As the summer sun comes out and Euro’s are in full swing the communal rush back into the bars and pubs begin. As we come back out into some sense of normalcy, not all areas of the industry have come out the same they went in. In this new world workers and customers of hospitality face many things that are different.
In the UK on the 12th April, hospitality opened up for outdoor table service, and bar staff around the country had to adapt to this new way of working, sweating through facemasks, walking a minimum of 20,000 steps a shift ferrying pints and food from bar to table. All of this on top of adjusting to enforcing the mask mandate and social distancing rules. Whilst from my own personal experience working behind bars for the past 6 years I have seen many challenges facing the industry, the collective insularity with all this led to a very surreal experience.
The knock on effect of this lockdown has caused a lot of pub landlords to take a massive hit with a loss of profits, with many insurance companies not paying out for losses the aim to remake lost earnings is high, despite the fact the chancellor froze the beer duty in this year’s budget. This contradiction has caused some conflict between customers and staff due to trying to explain and justify the price rises on all items. When it comes to this issue I personally believe it’s possible to appreciate both sides.
From the side of the customers who have (in the majority) stuck to lockdown rules and followed the government advice, whose households may have faced financial difficulty, could feel confused why beer duty has been frozen but prices risen. Surely the added boom from having a summer of the Euro’s followed by the World Cup the following year would more than balance out the losses, especially with the furlough scheme in effect saving employers the cost of wages.
Some patrons that I spoke to expressed the view that, whilst the benefits of the pub allows for the social interaction with others, the increasing cost to do so is turning more away. In contrast to this however, we must not judge all landlords by this same measure; the disparity within the financial security between landlords of freehold pubs and those employed or contracted by a larger chain. For a lot of the smaller pubs on less used insurance schemes, they have not seen much of a pay-out, and with the strict specific rules surrounding the Self Employed Income Support Scheme meant that regaining lost profits are at the forefront of their minds.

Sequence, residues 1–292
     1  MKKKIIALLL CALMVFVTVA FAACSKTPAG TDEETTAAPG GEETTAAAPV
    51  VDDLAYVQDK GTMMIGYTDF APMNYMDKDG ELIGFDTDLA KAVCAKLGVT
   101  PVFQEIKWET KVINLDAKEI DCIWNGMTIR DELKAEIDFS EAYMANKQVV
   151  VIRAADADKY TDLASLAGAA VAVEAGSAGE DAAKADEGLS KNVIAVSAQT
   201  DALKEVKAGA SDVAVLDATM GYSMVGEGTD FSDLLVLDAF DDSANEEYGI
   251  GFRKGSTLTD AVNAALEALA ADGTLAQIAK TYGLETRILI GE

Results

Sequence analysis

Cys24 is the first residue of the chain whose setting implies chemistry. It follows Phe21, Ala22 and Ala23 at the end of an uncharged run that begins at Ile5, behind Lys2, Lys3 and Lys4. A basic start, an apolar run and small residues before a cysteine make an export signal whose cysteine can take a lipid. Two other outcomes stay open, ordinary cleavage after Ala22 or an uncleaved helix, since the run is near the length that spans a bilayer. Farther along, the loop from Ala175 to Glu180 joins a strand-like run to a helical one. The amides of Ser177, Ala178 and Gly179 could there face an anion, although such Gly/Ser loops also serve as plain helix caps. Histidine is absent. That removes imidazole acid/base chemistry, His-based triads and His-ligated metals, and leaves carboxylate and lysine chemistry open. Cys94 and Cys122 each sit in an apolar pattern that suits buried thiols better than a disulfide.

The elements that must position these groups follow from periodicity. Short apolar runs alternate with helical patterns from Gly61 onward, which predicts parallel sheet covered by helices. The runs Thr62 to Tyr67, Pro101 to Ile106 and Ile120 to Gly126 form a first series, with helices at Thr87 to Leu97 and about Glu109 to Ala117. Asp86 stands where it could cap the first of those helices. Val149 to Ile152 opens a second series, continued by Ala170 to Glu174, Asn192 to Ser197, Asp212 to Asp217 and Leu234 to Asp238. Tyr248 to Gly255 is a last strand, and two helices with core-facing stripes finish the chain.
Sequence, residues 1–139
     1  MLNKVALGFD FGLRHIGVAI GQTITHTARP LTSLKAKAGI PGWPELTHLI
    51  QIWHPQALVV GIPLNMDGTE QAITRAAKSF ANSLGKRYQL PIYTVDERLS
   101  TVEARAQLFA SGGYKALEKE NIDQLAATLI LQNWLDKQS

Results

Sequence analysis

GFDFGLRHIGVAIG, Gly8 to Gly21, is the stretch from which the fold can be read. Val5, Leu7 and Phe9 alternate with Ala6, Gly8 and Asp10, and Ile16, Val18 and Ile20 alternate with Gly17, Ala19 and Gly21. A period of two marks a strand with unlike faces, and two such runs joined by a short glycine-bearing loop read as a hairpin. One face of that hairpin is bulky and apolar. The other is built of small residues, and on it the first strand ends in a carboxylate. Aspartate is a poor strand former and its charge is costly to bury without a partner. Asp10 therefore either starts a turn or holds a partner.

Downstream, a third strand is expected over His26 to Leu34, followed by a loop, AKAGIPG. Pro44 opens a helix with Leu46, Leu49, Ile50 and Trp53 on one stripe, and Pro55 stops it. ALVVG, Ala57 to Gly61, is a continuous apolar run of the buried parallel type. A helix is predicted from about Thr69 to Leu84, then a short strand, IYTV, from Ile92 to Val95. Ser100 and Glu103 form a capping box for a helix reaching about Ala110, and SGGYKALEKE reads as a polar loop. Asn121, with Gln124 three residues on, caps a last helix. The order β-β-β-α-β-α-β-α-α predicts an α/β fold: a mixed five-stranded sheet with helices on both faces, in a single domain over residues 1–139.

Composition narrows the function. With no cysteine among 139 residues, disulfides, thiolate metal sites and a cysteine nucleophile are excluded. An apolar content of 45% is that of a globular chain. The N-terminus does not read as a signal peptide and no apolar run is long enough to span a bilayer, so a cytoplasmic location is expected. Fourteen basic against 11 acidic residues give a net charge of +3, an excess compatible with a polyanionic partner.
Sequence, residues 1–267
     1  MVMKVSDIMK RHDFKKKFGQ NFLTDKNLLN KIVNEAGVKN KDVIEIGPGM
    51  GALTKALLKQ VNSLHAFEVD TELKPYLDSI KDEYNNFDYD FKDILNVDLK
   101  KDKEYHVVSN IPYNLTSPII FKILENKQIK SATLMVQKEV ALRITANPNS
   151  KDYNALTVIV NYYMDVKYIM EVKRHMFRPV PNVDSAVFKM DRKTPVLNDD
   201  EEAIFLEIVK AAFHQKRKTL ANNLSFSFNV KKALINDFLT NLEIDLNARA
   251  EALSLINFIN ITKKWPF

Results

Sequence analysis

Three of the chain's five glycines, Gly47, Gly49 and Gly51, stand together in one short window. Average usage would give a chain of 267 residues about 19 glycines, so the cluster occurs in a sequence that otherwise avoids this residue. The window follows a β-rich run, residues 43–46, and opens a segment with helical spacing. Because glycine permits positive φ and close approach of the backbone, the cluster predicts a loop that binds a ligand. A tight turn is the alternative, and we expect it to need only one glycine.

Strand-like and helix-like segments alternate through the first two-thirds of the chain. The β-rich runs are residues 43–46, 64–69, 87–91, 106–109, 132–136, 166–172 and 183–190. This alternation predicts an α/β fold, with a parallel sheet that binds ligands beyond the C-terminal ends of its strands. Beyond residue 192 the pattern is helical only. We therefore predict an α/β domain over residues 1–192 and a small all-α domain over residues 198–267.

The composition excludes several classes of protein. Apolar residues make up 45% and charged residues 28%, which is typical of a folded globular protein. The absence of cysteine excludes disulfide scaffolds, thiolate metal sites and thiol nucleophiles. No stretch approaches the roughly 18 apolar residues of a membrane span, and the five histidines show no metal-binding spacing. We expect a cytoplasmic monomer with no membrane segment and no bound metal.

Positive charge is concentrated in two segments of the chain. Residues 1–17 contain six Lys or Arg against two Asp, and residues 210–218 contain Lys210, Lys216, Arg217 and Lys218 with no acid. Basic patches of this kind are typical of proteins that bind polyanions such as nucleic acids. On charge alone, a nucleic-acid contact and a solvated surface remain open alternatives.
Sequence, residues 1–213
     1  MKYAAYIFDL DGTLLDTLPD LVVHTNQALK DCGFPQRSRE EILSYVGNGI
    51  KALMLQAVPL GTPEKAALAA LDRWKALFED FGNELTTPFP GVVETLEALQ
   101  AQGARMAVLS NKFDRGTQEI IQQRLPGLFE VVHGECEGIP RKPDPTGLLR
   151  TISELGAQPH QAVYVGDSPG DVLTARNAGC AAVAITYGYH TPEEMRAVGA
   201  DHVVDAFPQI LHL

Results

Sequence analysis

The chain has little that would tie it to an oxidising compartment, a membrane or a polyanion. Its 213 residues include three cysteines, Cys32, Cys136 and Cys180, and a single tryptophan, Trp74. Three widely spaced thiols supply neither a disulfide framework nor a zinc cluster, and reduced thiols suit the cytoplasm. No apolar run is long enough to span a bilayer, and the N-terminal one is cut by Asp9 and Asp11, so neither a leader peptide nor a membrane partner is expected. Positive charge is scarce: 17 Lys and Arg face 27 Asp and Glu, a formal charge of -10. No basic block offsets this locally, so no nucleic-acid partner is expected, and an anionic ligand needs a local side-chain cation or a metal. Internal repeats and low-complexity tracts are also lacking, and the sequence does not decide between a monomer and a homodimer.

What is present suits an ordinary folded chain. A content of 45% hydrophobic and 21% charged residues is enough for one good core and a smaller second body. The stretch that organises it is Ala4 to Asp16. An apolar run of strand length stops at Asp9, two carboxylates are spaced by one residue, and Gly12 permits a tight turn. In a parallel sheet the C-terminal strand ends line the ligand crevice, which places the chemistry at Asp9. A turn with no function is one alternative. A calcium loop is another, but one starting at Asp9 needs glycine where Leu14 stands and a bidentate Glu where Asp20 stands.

I think in this situation there is no ideal solution, but in my personal opinion the ideal option would have been to instead of raising prices but adapting to a new way of operating. The role a pub plays on society has changed and it’s up to landlords to reinvent the experience and define the pub as more than just a place to drink but as a bespoke social experience which can’t be replaced with super market beer and TV.
Beer Garden vs Garden Beer
Throughout the pandemic I’m sure everyone has seen the growth in home DIY being shared throughout social media. One of the biggest rises I have personally witnessed is the growth of home bars. Pinterest, Instagram and Facebook have been awash with wonderful feats of construction in people’s gardens. And while the construction of these outside bars have been a positive use of the lockdown, this rise however raises a challenge for pubs as they aim to compete with friends meeting socialise at home instead.